It’s hard to believe we’ve been here a month already. Even when time has seemingly slowed down, it still zips by as fast as ever. Our days are very full on the island. Have not really gotten around to the things we brought to help us pass the time – a challenging wooden jigsaw puzzle, a “yoga over 50” dvd, a book of sudoku, a Mancala board. We even have high hopes for a “ballroom dancing for beginners” dvd – lol :))
Even without “streaming” to fill the time, by the time we cook and clean up dinner, we are ready for sleep once the sun goes down. Although thanks to Cyndy and Michael who spent the first week with us, we are a little obsessed with gin rummy first…
Today is Wednesday – our usual trip to shore has been postponed until tomorrow. With fog, rain and winds most of yesterday, our little cove here was not very inviting for an early morning visit today. We have been learning a bit about and feeling some of the isolation that comes with living on an island with no boat. Curious Lily got into a food composting pile this weekend and was not feeling too well. Fortunately a cellphone call to a vet helped us through that, but made us realize that any sort of health emergency is not a quick car ride away! (Thankful for the Coast Guard if we needed them!). Grocery shopping can wait. An appointment for today will be rescheduled for 2 weeks. It’s all okay. We had learned the name Seguin is believed to come from the Native American word sutquin, which means “where the sea vomits”. You’d think we would’ve guessed that they weren’t kidding at our interview when asked if we would mind occasionally being marooned on the island for 2 weeks – hahaha. Truthfully, what we really feel here more than anything is “peacefulness”. It is indescribable.
Unfortunately rougher seas also prevent visitors from coming to Seguin. Meeting and visiting with these folks is definitely a highlight of being here, so we miss that. We’ve already met some wonderful people with so many different stories (and gorgeous boats!)
Today was a fun visiting day. Four families with about 8 to 10 kids combined all came up to picnic and celebrate the end of the school year together. Lots of questions from the kids. Some of the parents grew up in the area and Seguin is a longtime favorite. They were headed home to cook up a huge batch of Paella to end their day – yum! They were quickly followed by a family of 4 plus dog, also celebrating the end of the school year. Only this was their maiden voyage in a sailboat just purchased mid May! Two weeks to randomly sail and decide the next day’s adventure each night – that’s how to kick off summer!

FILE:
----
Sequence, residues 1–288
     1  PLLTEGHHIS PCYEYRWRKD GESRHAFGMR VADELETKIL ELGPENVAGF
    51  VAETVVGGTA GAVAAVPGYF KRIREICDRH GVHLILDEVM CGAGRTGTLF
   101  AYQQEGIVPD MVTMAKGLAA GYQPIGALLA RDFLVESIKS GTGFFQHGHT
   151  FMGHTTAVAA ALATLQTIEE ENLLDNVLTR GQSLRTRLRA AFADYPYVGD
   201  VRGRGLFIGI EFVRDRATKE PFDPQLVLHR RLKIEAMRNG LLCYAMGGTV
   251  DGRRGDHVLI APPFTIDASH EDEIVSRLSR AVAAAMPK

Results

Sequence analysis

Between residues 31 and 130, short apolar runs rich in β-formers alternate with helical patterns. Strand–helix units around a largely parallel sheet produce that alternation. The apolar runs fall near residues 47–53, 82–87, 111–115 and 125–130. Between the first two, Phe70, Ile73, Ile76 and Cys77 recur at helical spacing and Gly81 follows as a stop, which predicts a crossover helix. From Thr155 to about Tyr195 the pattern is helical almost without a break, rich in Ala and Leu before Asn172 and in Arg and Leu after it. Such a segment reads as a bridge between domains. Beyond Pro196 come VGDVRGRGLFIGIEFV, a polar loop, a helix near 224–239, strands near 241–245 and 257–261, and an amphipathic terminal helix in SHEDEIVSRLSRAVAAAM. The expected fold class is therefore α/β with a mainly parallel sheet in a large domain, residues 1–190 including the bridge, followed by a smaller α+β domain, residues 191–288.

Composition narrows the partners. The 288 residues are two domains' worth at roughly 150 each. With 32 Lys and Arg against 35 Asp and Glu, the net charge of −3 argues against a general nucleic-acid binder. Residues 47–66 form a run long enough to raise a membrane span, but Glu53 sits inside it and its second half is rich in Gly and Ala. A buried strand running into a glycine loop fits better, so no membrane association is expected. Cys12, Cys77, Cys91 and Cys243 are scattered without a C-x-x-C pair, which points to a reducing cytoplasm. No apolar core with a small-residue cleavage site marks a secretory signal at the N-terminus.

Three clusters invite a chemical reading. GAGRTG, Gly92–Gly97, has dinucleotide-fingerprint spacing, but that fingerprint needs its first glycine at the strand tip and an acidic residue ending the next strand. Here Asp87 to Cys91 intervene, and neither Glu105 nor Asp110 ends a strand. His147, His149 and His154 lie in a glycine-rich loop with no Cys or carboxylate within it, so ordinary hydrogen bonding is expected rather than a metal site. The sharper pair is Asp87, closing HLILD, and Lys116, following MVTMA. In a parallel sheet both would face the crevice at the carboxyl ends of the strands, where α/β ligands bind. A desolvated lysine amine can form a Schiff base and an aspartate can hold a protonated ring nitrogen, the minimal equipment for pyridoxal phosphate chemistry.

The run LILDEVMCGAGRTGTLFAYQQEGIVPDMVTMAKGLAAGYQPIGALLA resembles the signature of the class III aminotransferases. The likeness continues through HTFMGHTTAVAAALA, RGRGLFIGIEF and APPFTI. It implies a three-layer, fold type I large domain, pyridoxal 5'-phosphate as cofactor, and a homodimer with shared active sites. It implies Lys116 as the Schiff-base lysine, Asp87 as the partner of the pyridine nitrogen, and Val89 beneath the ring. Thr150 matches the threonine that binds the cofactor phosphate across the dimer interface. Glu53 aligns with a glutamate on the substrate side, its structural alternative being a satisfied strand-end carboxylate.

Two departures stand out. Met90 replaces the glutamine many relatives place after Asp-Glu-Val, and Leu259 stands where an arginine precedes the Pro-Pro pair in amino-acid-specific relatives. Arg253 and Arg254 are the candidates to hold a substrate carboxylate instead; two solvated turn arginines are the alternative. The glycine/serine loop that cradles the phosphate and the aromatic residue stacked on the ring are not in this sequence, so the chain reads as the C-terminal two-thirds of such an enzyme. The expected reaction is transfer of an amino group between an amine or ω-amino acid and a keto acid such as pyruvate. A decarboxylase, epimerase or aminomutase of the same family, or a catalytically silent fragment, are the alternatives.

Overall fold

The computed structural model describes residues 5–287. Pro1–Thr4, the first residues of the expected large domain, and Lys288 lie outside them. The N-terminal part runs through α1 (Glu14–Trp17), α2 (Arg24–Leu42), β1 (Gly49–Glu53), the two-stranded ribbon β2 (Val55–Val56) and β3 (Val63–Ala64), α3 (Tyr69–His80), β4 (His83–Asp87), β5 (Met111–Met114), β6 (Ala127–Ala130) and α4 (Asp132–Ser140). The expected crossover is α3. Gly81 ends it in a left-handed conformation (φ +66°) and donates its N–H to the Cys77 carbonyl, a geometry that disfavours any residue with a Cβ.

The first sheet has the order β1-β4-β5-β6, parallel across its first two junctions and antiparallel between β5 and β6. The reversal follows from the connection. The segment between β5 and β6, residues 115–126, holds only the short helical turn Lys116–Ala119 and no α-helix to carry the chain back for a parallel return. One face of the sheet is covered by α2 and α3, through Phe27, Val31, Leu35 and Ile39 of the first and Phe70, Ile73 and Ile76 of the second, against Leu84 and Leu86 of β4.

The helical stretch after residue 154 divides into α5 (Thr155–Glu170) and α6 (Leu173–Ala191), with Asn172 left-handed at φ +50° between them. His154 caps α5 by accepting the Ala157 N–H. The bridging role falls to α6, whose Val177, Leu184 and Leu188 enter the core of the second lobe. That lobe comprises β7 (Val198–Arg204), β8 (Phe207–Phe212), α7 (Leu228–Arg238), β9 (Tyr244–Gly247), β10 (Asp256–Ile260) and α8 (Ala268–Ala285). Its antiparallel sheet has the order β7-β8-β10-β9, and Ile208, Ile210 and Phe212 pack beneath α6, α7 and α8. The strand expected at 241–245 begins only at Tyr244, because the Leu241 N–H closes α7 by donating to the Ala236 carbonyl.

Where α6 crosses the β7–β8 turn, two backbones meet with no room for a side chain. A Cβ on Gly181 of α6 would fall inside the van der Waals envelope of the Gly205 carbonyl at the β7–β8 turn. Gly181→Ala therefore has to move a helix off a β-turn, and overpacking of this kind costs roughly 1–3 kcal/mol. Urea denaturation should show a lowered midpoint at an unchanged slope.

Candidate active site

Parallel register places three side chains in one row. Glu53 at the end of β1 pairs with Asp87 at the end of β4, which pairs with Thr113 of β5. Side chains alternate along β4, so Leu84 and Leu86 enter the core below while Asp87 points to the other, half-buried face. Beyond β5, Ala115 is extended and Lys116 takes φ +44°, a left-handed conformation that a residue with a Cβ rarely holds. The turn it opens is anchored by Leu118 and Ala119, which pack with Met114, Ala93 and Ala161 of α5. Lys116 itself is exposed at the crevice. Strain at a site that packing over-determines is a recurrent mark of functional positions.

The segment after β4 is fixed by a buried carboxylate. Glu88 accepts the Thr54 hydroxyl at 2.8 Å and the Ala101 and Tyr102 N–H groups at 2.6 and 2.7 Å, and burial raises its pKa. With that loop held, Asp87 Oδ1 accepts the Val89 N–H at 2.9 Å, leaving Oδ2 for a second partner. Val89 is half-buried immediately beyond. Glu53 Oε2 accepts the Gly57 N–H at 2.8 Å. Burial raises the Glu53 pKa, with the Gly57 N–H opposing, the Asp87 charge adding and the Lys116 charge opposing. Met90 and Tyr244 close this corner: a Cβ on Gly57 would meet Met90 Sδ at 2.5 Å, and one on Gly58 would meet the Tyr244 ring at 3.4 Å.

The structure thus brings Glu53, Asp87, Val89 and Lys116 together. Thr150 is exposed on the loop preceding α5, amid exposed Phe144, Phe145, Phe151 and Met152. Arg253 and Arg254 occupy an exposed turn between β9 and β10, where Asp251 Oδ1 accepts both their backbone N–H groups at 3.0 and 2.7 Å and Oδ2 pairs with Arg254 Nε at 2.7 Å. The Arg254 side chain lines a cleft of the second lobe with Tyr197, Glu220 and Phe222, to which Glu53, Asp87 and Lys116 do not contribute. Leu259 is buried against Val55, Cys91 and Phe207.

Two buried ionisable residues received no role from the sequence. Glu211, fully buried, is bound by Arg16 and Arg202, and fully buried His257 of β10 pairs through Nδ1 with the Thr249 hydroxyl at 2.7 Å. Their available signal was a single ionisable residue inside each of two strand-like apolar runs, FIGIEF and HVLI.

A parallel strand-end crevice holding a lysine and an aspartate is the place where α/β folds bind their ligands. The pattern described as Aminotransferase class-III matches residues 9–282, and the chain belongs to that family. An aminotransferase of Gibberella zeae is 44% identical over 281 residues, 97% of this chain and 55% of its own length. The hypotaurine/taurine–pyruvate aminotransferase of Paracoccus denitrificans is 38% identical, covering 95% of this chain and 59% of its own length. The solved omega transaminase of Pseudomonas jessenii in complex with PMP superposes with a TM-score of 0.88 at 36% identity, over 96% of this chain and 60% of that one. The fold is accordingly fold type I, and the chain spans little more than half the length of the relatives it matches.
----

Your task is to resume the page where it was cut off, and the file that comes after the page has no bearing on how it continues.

Last Friday brought 4 kayakers up for lunch and a tour of the Light. Their time at Seguin was one stop on a weekend journey along a portion of the Maine Island Trail. Obvious avid fans of the sport, they educated us about MITA. The “trail” is a 375 mile waterway extending from Kittery to Cobscook Bay (which means the entire coast of Maine!). It is considered a recreational water trail that connects over 240 islands and mainland sites open for day use or overnight camping. It is a combination of private and public landowners sharing a commitment to coastal access and stewardship of these special places along Maine’s coastline. Members also volunteer their time to help with projects that benefit this environment. Seguin Island became part of this adventurous trail in 2011.
One of Rick’s regular duties is checking the tower each morning. He unlocks the doors and sweeps up for visitors. Then comes the less than pleasant activity of clearing the catwalk up-top outside around the lantern room. Now you would think that would be a special moment in the morning, circling the tower, taking in the beautiful views of the Island and surrounding areas. Not so much… We have at least two, if not more, Peregrine falcons hanging out on Seguin. Now they are known as spectacular fliers with tremendous speed when pursuing other birds. And we have a lot of birds here. They catch them on the fly, then bring them up to the catwalk for a leisurely meal. Unfortunately they don’t seem very fond of the head, so leave those behind for Rick to find – ugh – right on the ledge at eye level. Kind of ruins the bigger view.
Now the gulls are a whole ‘nother story! They have been very busy nesting and hatching eggs on the cliffs at the end of two of our most popular trails. Just about the time you break out of the greenery excited to view the wondrous expanse of ocean surrounding the island, you are greeted with high pitched and frankly, kind of angry sounding calls. We suggest you travel no further. Of course you don’t want to disturb nature’s breeding area, but speaking from personal experience, you do not want to be at the receiving end of their highly effective aim with droppings. Now scientists are saying all that seabird guano is very valuable – worth millions as commercial fertilizer and vital for contributing nutrients to marine ecosystems. As I see it, I just want to get into the shower as soon as possible – high iron content or not!
I don’t think I’ve mentioned poison ivy yet – as long as we’re talking about hazards. It can be found in a number of locations on Seguin, but as long as you don’t leave the trail, you’ll be fine. The itchy reaction comes from its oil called urushiol. It’s taken us awhile to learn to identify the plant. In fact when I was choosing some flower pics last week, I didn’t realize one was actually poison ivy! We were looking for “leaves of three, leave it be”. Who knew it flowered? Ha!
I was going to show you the photo of the birdheads, but Rick nixed that. Probably a good thing… hopefully we wont have any ivy rash pics next week! Enjoy your week – thanks for taking the time to read about our summer so far.